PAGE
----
Circular Oblique Lighting (Part 2) 

More thoughts about COL lighting 

By Paul James (uk)

Click each link for Part I, III and IV.

It must be emphasized that there is no definitive COL set-up, since it already exists within the imagery of standard brightfield, but its presence is nullified or flooded out. The purpose of the annulus or stop is to mask the unwanted central light component from this brightfield image, so that the COL phase contrast imagery generated by the peripheral regions of the objective can be revealed.


Strictly speaking an annulus allows a coherent ring of light to pass through the condenser to produce phase contrast or COL effects. My experiments have led me to circumvent the making of a traditional annulus, because it is highly desirable that the outer regions of the light cone should be variable. Therefore an annulus not having variable outer proportions is less versatile. An ordinary circular stop as used for darkfield, though smaller, will yield the COL phase reversal effects, and if placed near the iris diaphragm, the latter can be closed down to control the outer proportion of light input to the specimen. Thus the overall effects can be radically changed by simply altering the size of the iris diaphragm. In practice this works extremely well, providing that the iris is concentric with the stop. Complete concentricity in the microscope's optics makes for better COL effects.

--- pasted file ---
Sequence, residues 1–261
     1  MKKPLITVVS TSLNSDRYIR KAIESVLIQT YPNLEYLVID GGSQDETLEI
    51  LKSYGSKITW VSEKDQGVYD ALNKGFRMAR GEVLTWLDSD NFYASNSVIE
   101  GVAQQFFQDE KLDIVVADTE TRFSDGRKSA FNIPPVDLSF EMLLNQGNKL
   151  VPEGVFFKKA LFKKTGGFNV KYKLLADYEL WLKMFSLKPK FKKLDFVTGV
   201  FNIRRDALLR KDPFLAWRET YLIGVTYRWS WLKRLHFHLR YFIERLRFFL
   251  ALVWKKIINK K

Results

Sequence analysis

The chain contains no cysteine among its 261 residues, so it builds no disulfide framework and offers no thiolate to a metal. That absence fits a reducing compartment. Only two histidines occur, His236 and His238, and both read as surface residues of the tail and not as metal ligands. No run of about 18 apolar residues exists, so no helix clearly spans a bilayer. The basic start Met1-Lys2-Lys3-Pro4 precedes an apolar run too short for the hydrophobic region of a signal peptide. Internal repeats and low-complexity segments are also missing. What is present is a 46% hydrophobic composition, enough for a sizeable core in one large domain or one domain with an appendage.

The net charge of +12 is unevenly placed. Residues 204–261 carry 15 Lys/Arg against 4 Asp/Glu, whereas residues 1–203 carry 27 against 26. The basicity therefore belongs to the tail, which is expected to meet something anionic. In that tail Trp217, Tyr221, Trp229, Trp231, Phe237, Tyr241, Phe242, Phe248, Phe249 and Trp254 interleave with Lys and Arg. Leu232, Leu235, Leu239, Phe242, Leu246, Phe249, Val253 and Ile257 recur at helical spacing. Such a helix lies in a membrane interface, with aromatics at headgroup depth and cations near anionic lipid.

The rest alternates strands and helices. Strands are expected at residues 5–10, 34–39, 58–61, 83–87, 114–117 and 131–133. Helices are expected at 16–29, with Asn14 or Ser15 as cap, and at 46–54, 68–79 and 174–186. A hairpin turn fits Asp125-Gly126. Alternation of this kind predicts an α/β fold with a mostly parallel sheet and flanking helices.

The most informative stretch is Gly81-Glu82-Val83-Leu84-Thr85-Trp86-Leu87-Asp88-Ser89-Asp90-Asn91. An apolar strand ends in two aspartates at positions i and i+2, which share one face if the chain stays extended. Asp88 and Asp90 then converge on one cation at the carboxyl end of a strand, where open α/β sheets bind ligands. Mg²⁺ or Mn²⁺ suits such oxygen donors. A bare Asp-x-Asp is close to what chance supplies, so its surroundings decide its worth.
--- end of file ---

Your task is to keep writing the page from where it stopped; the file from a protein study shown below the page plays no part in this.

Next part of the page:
These initial trials are set out to introduce those who have no phase equipment, and have not experienced COL before, in a quick and uncomplicated manner.

Initial trials

Set up your 'scope for brightfield with the x40 objective using a slide of diatoms containing fine detail such as Actinoptychus heliopelta etc.. Optimise the condenser's focus position and then open up the iris to maximum aperture. Now place a disc of opaque material such as a 5p coin, or one cut from silver foil of about 10-15 mm on the field lens of your microscope. Centre it as carefully as you can by making sure that the back lens of the objective shows a ring of peripheral light when viewed without the eyepiece in place ( a Phase telescope makes this much easier to accomplish ). Alter the size of the stop if necessary until you see this down the draw tube :-